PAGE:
Ownership structure and firm performance: Evidence from Israel

Beni Lauterbach, Alexander Vaninsky

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84 Scopus citations


The study examines the effect of ownership structure on firm performance. We distinguish between family firms, firms controlled by partnerships of individuals, concern controlled firms, and firms where blockholders have less than 50% of the vote. The empirical work analyzes data on 280 Israeli firms and employs the technique of Data Envelopment Analysis. It is found that owner-manager firms are less efficient in generating net income than firms managed by a professional (non-owner) manager, and that family firms run by their owners perform (relatively) the worst. This evidence suggests that the modern form of business organization, namely the open corporation with disperse ownership and non-owner managers, promotes firm performance.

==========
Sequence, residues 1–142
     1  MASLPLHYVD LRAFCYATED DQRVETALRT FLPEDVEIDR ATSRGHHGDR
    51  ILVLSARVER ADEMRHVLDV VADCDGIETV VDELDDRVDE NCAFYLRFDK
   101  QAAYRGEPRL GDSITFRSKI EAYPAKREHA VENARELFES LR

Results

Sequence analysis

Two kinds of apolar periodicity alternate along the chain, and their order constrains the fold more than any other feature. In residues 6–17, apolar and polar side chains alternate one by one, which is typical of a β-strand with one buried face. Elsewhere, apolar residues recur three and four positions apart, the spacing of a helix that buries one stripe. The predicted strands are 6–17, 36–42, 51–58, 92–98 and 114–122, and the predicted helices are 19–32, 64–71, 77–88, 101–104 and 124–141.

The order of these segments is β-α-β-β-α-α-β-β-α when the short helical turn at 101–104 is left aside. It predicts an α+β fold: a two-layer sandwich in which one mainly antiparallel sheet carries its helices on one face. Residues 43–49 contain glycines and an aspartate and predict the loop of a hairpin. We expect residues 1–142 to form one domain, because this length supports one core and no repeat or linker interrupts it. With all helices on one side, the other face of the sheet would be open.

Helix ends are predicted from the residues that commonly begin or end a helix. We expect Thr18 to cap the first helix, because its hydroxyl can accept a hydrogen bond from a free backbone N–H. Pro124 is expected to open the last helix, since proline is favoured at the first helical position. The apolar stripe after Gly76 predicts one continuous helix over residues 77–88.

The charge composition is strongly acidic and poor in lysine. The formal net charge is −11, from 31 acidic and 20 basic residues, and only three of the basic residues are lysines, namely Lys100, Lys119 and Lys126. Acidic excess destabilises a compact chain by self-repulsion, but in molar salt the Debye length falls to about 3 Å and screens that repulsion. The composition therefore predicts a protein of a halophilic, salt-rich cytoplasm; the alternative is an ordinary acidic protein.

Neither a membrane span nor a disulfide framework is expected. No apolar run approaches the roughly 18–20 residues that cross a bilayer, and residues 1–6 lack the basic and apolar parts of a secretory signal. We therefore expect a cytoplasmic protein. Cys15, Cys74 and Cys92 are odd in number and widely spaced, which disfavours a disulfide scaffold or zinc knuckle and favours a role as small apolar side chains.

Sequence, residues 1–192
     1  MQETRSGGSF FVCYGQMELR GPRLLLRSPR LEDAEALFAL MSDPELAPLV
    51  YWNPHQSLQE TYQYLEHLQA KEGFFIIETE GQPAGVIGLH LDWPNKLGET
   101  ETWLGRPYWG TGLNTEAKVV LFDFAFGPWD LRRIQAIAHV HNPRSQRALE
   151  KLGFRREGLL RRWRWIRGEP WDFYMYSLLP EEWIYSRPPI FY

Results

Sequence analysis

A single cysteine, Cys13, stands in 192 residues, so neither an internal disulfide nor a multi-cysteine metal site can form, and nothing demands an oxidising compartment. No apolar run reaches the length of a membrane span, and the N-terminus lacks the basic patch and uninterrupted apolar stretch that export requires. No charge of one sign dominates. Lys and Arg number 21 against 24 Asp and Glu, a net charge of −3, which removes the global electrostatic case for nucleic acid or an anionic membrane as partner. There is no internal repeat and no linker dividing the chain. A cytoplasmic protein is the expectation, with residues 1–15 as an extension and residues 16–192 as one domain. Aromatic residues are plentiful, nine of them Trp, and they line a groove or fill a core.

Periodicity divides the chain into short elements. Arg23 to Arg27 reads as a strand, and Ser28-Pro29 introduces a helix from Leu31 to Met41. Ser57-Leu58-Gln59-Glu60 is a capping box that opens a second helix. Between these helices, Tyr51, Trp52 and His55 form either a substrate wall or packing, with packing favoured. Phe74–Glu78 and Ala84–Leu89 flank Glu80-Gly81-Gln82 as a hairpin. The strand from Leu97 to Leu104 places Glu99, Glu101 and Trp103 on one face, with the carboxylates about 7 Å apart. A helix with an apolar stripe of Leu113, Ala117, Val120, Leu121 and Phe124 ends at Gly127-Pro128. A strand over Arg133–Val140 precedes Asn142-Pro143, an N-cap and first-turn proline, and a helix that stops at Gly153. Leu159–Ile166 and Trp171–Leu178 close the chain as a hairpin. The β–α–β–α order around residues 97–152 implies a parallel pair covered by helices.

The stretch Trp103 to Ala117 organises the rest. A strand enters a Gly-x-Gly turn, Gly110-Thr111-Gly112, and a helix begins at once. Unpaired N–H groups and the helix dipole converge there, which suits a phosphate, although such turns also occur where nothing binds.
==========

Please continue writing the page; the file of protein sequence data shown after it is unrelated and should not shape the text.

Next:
Original languageEnglish
Pages (from-to)189-201
Number of pages13
JournalJournal of Management and Governance
Issue number2
StatePublished - Jun 1999


  • Family firms
  • Firm performance
  • Owner-managers
  • Ownership structure


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